7% of Japanese admit to eating dog food, according to a recent survey, we are told, though anyone doubting their culinary sensibilities will be relieved to hear it is a brand of dog food by Royal Appointment.
Dog, of course, is a Korean staple – at least, it was in more impoverished times – and the consequence of poor agricultural soil, although a recent survey revealed that seven per cent of Japanese respondents admitted to eating dog food, albeit a top-end brand associated with the British Royal Family.
Though of course, a little digging soon reveals the sordid truth of this matter. The claim is in fact drawn from the sensationalistic and misleading title of a pathetic link grubbing article, careful reading of which reveals we are dealing with a liberal reading of:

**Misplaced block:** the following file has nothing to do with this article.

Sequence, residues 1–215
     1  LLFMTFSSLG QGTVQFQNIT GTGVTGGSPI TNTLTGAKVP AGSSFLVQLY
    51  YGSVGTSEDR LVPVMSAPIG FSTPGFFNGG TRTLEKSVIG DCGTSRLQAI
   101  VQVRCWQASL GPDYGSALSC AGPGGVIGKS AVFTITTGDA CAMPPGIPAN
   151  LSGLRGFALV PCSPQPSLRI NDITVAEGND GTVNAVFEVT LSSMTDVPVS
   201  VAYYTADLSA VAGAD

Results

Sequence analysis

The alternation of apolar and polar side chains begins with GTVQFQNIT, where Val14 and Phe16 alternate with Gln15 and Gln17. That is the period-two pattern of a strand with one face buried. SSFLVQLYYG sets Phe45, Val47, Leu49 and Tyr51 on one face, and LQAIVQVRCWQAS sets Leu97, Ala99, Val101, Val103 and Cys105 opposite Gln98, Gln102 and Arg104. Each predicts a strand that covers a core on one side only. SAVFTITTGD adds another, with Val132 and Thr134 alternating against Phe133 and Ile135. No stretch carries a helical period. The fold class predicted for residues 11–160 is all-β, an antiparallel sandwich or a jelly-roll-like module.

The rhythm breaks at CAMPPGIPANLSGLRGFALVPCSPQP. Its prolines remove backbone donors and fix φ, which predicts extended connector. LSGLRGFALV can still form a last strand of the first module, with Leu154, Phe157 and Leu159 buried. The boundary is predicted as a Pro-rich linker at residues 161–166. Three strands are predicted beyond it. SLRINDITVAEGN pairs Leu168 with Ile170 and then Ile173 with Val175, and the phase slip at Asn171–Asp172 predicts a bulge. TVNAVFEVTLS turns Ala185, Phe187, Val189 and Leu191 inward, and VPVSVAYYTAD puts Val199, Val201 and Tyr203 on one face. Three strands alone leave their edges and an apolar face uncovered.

Q2: What sort of dog food do you usually buy? (Sample size=1,696, multiple answer)
Commercial ordinary dog food 78.1% Commercial premium dog food 23.3% Specially hand-made food 4.1% Same food as humans eat 7.1% Other 2.4%
Same food as humans eat?
An interesting, if underhand, way of promoting an otherwise totally uninteresting article of the demographics of dog food, coupled with superb journalistic rigour by the Telegraph leads to a first rate headline, which few, I think, could resist spinning into a provocatively titled article, making cunning use of an incompletely informative first paragraph: Itainews.